Rebecca works with literacy coaches, communication specialists, and classroom teachers K–12 who want to know “what to do about all those missing –ed’s, -s’s” in their students’ writing. She is an Associate Professor of English Language and Literacy at Christopher Newport University in Virginia. While her work currently focuses on helping teachers respond to African American student writers, the practical, affirming (and research-based) strategies she brings extend to any group of students who speak and write an Everyday English differing from School English (Cajun English, Native American English, Appalachian English, Southern English, Bronx English, International English, etc). Wheeler shows teachers how to build on what students do know–Community English–as they add Standard English to their linguistic repertoires.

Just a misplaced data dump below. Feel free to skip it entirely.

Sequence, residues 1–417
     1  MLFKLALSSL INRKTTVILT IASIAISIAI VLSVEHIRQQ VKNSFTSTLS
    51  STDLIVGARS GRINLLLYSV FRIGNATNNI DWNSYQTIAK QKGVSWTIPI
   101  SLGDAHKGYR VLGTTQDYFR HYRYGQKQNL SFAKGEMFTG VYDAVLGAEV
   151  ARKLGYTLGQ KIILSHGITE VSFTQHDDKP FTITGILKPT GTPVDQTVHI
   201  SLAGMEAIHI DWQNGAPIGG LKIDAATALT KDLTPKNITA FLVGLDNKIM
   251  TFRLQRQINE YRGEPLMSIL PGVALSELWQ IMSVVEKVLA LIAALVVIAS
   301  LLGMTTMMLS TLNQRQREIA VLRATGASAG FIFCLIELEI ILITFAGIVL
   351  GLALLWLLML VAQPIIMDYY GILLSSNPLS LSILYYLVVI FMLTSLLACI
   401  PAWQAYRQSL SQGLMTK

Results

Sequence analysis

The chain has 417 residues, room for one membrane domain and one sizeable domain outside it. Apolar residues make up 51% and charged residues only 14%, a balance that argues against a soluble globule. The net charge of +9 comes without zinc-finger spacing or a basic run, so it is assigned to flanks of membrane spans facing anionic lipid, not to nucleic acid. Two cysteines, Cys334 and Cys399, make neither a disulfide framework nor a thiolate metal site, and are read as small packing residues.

View Rebecca Wheeler's Resume/Vita, Publications and Workshops.
- Grammar Instruction
- Teaching Standard English in Urban Classrooms
“What do we do about all those missing –ed’s and –s’s?” Understanding and responding to African American student writing
“My goldfish name is Scaley”: How to lead discovery learning of grammar– tools and strategies for the classroom
“Mama jeep out of gas”: Recognizing and responding to the top 10 grammar patterns in African American student writing
When students’ Everyday English (Cajun English, Native American English, Appalachian English, African American English) isn’t Standard English: Using comparison and contrast to teach grammar.